2 Min Read
Nov 6 (Reuters) - Investments made by U.S. public pensions achieved median returns of 4.67 percent in the third quarter of 2012, after posting losses of 1.73 percent in the second quarter, according to a Wilshire Associates report released on Tuesday.
But returns in the latest quarter lagged median gains of 7.5 percent in the year's first quarter.
State and local pension funds with assets greater than $1 billion achieved returns of 4.53 percent in the quarter ended Sept. 30, while the median return rate was 4.48 percent for funds with assets topping $5 billion, Wilshire said.
Many of the political fights over providing pensions to public employees hang on the returns from pension fund investments. When investment returns are low, cities, counties and states must pitch in more money to cover benefits, essentially creating a greater burden for taxpayers.
The financial crisis, coupled with the state and local government budget crises, caused fund shortfalls over the last few years. The Wilshire report showed that fund returns are slowly healing.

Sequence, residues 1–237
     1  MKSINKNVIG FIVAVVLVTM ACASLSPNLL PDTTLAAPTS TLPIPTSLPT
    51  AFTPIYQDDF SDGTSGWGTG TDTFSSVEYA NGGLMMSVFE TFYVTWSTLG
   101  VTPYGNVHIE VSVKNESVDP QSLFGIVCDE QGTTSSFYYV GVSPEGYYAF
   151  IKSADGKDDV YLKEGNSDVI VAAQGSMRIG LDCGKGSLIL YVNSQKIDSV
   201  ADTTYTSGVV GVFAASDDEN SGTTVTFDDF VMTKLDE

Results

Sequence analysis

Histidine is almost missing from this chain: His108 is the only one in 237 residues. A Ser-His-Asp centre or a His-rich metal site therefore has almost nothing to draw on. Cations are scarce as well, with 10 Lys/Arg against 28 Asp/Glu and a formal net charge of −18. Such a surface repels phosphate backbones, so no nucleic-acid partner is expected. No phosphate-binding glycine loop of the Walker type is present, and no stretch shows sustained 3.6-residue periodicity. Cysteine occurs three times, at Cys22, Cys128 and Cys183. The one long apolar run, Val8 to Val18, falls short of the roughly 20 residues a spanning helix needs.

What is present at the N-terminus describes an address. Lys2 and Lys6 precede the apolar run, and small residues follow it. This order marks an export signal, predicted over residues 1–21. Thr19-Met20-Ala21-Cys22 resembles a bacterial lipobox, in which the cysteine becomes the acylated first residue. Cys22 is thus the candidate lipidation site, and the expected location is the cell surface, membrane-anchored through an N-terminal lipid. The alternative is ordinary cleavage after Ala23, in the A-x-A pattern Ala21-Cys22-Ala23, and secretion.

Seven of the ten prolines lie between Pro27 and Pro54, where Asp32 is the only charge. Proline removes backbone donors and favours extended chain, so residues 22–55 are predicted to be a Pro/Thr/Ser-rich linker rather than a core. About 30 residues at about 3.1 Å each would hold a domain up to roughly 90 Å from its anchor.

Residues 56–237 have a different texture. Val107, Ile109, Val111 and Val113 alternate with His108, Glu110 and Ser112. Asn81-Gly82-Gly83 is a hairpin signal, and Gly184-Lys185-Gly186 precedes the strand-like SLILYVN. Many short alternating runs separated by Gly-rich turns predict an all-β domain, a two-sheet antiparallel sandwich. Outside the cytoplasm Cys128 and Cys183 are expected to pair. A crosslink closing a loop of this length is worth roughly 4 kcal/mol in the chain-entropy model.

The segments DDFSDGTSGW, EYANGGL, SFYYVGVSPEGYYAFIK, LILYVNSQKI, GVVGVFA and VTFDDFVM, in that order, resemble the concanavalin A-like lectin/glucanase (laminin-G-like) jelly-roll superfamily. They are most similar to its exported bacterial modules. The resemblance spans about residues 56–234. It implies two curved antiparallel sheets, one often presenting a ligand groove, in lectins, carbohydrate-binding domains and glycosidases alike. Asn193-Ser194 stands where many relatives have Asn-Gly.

For the year ended Sept. 30, public pension investments saw a median return of 16.68 percent and for three years ending Sept. 30, the median return was 9.31 percent. At the 10-year mark, the median return for the largest public pension funds was 8.22 percent, surpassing the 8 percent level for the first time since the second quarter of 2007, according to a Wilshire spokeswoman.
Most state public retirement systems set their investment rate of return target at 8 percent, according to the Pew Center on the States' June pension report.
The median return for all public funds over five years, which encompassed the worst U.S. economic downturn since the Great Depression, was a mere 2.33 percent, and for funds with assets greater than $5 billion it was 2.10 percent.